A new tax index by the Fraser Institute found that tax bills were the fastest growing expenditures for Canadians in the last few decades, even surpassing the rising cost of housing.
According to the Canadian Consumer Tax Index 2023 edition, taxes grew by 2,778% since 1961.
The rising cost of taxes surpassed other expenditures including money spent on shelter which grew by 1,880% over the same time period.
Canadians have been paying 870% more on food and 654% more on clothing since 1961.
According to the Fraser Institute, the average Canadian family paid more on taxes (45.3%) when compared to necessities of life like clothing, food and housing (35.6%).
“Taxes remain the largest household expense for families in Canada,” said the Fraser Institute’s Director of Fiscal Studies Jake Fuss.
“Considering the sheer amount of income that goes towards taxes in this country, Canadians may question whether or not we’re getting good value for our money.”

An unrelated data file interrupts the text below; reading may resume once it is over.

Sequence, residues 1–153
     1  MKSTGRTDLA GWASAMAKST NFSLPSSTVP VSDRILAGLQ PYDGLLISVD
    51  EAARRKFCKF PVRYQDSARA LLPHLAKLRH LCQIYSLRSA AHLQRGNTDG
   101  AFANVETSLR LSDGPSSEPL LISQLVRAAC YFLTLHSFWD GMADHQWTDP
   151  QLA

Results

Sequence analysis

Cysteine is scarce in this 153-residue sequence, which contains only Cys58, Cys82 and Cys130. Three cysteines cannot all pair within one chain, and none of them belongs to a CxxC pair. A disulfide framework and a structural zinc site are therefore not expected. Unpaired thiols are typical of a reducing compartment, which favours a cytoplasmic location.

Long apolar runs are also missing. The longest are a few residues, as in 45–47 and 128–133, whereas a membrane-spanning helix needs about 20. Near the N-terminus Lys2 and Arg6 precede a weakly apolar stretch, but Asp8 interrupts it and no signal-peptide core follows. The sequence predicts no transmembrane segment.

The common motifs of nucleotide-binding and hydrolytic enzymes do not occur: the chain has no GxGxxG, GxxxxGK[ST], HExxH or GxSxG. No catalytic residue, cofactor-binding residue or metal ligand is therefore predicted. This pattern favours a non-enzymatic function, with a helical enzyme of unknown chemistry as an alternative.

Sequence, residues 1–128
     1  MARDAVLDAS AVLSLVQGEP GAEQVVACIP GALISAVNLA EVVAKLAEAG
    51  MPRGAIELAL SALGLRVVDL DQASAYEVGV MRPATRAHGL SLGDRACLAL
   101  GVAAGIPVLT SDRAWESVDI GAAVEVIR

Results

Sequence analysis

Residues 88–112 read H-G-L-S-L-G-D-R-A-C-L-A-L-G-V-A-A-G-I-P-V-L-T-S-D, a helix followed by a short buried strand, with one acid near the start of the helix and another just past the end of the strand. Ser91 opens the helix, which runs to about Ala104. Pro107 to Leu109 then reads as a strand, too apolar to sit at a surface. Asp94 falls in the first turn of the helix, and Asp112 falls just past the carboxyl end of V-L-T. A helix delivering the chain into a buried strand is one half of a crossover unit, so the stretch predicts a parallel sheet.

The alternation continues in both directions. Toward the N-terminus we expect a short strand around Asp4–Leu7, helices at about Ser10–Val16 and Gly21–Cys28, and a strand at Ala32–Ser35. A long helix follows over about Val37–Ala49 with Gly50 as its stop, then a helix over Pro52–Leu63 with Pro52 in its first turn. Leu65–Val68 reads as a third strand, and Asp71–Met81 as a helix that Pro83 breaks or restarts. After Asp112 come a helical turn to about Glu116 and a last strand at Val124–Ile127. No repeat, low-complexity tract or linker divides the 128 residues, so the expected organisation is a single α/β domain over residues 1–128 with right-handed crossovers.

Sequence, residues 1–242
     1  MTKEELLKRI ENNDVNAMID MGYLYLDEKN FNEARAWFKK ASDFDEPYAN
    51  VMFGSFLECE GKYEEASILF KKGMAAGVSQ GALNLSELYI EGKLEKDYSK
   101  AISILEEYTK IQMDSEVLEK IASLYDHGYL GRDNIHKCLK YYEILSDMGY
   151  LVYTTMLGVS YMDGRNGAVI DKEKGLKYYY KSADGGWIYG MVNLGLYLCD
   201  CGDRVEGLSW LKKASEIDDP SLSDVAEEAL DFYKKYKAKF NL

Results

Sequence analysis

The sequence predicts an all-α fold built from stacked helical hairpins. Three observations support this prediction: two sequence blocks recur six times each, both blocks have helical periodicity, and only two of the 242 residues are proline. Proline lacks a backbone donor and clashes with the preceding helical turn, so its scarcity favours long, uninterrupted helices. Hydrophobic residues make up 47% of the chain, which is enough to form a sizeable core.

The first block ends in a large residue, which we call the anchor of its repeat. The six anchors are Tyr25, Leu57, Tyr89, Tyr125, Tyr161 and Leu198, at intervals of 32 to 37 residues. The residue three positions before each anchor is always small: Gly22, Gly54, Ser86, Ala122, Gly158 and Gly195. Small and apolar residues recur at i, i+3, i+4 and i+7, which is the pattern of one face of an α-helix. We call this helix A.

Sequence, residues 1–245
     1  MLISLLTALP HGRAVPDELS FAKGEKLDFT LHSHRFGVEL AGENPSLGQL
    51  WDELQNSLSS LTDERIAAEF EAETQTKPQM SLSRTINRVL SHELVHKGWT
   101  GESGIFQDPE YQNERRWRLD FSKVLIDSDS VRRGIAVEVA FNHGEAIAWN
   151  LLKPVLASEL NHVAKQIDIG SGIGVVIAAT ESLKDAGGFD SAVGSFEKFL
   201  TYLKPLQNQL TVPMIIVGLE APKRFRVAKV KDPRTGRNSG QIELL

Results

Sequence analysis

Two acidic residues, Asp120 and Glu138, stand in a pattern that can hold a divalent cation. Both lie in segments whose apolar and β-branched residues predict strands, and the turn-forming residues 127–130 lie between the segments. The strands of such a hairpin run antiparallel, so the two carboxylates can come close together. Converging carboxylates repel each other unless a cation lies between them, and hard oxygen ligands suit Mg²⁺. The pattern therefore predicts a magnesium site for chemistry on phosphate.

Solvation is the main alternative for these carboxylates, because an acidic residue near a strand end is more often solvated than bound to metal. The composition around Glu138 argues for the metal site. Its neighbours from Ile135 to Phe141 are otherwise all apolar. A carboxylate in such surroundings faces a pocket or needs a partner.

Prime Minister Justin Trudeau has recently faced calls to lower taxes and introduce cheaper financing options to help build more homes as Canada faces a housing crisis.
Earlier this month, the National Housing Accord demanded that the Liberal government pursue an “industrial strategy” to tackle the issue.
“Millions of people — particularly those with the lowest incomes — are facing rapidly rising housing costs, driven significantly by an extreme lack of supply of the right types of rental housing,” reads the accord.
One of the proposed solutions was for Canada to lower taxes by amending the tax code, which would make it easier to build rental housing, according to the accord.
Additionally, the accord calls on the government to eliminate sales taxes on capital investments in housing projects like apartment buildings.
In the last year alone, the Trudeau government has hiked taxes on Canadians a number of times.
The Liberals have increased the federal carbon tax, imposed a second carbon tax on fuel and hiked taxes on alcohol. Additionally, taxes on employment insurance were also increased, as well as further taxes on the Canada Pension Plan.